When did the handbag become a fashion fetish? It started with the sexual revolution in the Seventies and snowballed as women came out of the kitchen and into the workplace.
At least that’s the answer proposed by “Le Cas du Sac,” an exhibition of more than 400 bags at the Museum of Fashion and Textiles here through Feb. 20. (While the phrase translates to “The Case of the Bag,” the official English title of the exhibition and its accompanying catalogue is “Carried Away.”)
Co-organized by Hermès, it traces the bag’s evolution in civilizations across the world, from the Dark Ages to modern times. A dozen specialists — in fields from nomad and Arab cultures to African and Native American art — contributed to the show.
“The initial idea was that when you open someone’s bag and examine its contents, you know a lot about the person,” explained Stephane Wargnier, Hermès’ corporate communications director. “The bag is emblematic of the self.”
And what did women carry in their bags before mobile phones, car keys and lipstick?
“In the Middle Ages, the bag had religious connotations,” said Olivier Saillard, the fashion museum conservator who co-organized the show. “Purses were richly decorated with ornate hardware. Inside, [women] carried relics, such as the hair of a saint.”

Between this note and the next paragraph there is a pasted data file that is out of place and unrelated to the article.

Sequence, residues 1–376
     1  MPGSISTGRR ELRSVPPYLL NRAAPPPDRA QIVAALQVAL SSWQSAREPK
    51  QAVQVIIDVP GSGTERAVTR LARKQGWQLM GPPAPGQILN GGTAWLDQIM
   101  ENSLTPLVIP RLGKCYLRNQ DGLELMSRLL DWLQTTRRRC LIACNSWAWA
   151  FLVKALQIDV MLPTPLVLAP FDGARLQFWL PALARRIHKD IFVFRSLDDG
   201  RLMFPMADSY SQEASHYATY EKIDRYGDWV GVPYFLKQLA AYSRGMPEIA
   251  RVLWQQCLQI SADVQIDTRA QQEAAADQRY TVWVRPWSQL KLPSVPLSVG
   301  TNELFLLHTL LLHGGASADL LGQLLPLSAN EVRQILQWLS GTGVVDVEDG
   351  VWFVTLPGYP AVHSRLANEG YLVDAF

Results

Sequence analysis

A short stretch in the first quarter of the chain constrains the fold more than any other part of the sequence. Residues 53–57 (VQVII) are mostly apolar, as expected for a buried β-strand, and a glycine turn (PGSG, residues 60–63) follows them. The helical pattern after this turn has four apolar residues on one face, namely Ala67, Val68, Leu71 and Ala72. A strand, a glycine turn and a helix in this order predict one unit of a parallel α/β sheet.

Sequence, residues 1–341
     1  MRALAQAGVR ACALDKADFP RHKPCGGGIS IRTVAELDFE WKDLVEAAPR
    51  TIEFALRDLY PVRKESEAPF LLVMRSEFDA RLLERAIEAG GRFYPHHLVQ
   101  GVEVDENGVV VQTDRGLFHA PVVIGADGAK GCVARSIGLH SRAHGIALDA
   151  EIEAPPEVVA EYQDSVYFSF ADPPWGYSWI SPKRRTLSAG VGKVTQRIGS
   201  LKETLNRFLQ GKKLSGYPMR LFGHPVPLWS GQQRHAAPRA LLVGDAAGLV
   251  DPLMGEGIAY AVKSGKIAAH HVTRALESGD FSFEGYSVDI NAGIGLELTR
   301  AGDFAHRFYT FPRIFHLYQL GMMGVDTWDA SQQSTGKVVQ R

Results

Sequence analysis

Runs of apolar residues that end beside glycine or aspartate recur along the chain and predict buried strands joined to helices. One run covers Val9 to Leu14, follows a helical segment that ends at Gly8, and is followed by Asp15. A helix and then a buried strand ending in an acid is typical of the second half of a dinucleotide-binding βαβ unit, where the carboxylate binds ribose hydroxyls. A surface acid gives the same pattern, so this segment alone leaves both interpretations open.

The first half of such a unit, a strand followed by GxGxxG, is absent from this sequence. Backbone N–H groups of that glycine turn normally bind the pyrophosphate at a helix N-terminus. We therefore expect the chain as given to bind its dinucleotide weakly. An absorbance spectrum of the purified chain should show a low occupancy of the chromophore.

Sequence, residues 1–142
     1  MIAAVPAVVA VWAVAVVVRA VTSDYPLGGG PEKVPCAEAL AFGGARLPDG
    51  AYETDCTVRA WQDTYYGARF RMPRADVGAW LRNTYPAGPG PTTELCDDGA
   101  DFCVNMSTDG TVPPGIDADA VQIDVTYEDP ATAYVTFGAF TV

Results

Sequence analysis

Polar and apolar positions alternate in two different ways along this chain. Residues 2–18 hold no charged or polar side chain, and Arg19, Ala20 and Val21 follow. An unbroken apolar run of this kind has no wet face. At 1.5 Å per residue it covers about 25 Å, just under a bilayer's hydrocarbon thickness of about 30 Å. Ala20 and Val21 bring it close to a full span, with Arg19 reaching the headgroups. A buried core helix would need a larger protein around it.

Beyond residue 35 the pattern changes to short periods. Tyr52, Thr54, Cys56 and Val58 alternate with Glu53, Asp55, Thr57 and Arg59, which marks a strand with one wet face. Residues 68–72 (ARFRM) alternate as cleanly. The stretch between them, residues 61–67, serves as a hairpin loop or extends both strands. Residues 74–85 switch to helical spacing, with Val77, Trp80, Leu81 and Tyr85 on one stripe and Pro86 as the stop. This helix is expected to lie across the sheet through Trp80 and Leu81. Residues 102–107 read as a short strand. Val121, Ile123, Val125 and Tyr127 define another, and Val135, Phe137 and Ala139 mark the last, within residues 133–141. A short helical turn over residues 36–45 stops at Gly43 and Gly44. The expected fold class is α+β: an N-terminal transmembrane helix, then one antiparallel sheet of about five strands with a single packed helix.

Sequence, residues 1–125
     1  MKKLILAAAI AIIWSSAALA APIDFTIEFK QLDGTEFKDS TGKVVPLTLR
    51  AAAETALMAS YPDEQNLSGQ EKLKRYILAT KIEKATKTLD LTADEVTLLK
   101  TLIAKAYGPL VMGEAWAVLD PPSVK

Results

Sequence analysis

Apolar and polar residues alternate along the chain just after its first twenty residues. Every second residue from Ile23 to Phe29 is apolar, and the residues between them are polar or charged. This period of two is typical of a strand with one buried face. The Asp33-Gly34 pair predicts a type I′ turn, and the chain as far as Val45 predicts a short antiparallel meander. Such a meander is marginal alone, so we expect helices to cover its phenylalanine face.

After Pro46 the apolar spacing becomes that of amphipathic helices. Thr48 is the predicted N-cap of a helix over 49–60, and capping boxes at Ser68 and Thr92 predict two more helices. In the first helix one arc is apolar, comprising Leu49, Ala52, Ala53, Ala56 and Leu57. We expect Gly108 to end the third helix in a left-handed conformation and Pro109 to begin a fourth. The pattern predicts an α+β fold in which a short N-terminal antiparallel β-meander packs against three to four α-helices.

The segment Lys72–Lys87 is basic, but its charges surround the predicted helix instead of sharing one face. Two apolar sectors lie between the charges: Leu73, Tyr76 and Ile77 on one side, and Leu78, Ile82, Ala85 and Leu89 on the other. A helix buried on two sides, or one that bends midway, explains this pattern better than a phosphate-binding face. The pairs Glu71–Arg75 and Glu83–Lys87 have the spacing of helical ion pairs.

Whether it was to carry food or to hide the letters of a lover, the bag has always mirrored changes in society, Saillard said.
In the late 19th century, for example, as the European elite began to travel, the first Goyard and Louis Vuitton steamer trunks were born. The show draws parallels between these and the bags Bedouins throw on the backs of camels.
“Both reflect a nomadic culture,” Saillard said.
Meanwhile, the handbag enjoyed the most popularity in periods when clothing was worn close to the body.
“When fashions are close to the body, the bag is worn on the exterior of the clothes,” said Saillard, pointing to the Middle Ages as a prime example. “In the 18th century, the clothes were voluminous, and the bag was hidden under the petticoats. The Chinese didn’t have a very strong bag culture until recently, because their clothes were traditionally very loose.”
Function has always been primordial to the bag — even in its most chic forms.
For example, in a little-known essay written by Le Corbusier in 1925, the architect cites an Hermès bag as an example of “the beauty of the functional.”
“Bags were ultradecorated at the time of the essay,” said Saillard. “Le Corbusier drew parallels between his architecture and the minimalist purity of the Hermès bag.”
But even if handbags have only recently become a fashion obsession, the vogue for vintage purses has deep roots, according to the exhibition.
“It’s an old story,” explained Saillard. “The first wave for vintage began in the 19th century. Women would recuperate the hardware from 18th-century bags to make a new one.”
— Robert Murphy